Pilot Shortage Causing Disruption in Air Travel
Pilot Shortage Causing Disruption in Air Travel

U.S. airlines are facing a pilot shortage that’s complicating efforts to ramp up flights, forcing them to step up training programs, recruit foreign pilots and even replace planes with buses.

The industry needs to hire an average of 14,500 new pilots each year until 2030, according to federal labor statistics. But carriers say there’s no way they can bring on that many due to long lag times for credentialing. Worse, experts say the staffing bottleneck is unlikely to end anytime soon. 

“The pilot shortage for the industry is real and most airlines are simply not going to be able to realize their capacity plans because there simply aren’t enough pilots, at least not for the next five-plus years,” Scott Kirby, chief executive officer of United Airlines Holdings Inc. said earlier this week on a conference call. That will likely force United to keep 150 regional planes parked despite increased domestic travel demand, he said.

The issue isn’t new -- airlines already faced difficulty finding and retaining pilots before the pandemic -- but a purging of employees at the start of the downturn in 2020 has left the industry ill-prepared for a rebound. Thousands of pilots accepted buyouts or retired early when federal aid to avoid furloughs failed to cover all the airlines’ labor costs, especially for veteran pilots earning six-figure salaries.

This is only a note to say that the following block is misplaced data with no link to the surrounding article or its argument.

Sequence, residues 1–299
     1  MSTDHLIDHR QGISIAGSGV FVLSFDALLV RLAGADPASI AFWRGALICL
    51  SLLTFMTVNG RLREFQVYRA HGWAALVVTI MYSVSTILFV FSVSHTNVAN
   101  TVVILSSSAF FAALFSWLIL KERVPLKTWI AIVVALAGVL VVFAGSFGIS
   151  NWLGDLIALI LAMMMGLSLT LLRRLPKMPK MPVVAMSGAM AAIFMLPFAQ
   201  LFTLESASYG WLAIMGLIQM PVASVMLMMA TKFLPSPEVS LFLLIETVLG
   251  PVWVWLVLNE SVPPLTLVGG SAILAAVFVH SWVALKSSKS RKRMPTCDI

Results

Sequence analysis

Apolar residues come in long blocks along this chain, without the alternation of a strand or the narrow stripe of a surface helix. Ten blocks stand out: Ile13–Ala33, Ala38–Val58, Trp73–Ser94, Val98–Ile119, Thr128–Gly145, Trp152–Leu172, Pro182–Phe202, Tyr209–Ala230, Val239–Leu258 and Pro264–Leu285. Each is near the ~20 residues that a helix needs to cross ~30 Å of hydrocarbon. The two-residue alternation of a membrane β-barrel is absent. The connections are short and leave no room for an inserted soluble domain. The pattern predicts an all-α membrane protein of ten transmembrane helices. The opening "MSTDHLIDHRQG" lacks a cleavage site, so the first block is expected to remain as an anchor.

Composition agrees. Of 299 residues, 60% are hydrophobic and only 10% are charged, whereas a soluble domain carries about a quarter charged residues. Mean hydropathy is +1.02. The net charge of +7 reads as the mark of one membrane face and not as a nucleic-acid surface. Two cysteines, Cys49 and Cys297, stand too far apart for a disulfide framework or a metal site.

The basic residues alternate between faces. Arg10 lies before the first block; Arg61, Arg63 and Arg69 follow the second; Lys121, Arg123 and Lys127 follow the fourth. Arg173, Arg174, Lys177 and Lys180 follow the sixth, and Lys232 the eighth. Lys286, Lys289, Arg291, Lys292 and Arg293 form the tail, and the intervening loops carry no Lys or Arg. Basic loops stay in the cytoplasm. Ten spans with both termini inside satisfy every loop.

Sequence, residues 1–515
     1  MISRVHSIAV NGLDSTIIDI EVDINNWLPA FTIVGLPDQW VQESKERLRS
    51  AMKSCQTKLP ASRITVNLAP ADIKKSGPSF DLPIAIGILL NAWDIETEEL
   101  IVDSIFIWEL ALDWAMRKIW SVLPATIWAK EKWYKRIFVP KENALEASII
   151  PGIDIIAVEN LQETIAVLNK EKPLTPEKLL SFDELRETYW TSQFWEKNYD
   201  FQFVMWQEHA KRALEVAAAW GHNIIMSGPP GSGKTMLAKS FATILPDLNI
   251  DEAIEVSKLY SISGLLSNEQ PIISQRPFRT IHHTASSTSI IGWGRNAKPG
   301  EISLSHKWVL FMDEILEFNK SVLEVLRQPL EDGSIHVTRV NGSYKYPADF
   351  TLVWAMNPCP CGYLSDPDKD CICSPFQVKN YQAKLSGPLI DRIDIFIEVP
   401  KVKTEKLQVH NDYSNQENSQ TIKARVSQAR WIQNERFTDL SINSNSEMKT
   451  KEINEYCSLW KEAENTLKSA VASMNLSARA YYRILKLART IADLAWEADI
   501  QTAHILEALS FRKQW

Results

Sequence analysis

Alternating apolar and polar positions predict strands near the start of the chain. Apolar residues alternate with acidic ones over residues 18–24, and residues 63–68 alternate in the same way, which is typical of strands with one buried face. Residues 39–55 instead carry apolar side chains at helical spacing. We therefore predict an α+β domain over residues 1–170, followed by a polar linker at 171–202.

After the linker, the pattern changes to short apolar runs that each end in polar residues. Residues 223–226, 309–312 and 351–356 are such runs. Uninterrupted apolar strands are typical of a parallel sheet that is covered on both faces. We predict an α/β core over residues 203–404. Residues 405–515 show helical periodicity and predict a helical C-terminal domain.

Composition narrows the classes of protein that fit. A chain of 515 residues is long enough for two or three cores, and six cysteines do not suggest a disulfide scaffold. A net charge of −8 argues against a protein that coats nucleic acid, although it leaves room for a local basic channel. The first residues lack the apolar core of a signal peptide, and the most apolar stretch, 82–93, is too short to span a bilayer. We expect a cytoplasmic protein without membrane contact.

Two years on, airlines are unable to find enough qualified crews to fully reinstate route maps.

“This is going to be one of the biggest constraints for the industry going forward,” Alaska Air Group Inc. Chief Executive Ben Minicucci said on an April 21 call.

Airlines have scaled back plans for a rapid resumption of pre-pandemic flight schedules. United expects flying this quarter to be down 13% from 2019, while Delta Air Lines Inc. projects a 16% decline,  American Airlines Group Inc. as much as 8% and Alaska Air, about 9%. JetBlue Airways Corp. is trimming 10% of its planned summer flights.

The problem is most acute at regional airlines, where pilot ranks have been depleted by hiring at larger carriers. A beggar-thy-neighbor strategy has left smaller aircraft idle and cut flights dedicated to shorter routes.

Some airlines are linking up with charter bus services to ferry passengers by motorcoach on shorter routes, allowing them to sell destinations where they don’t fly. Others are casting a wide net to find staff.

Posted on 25 April 2022
Back to All News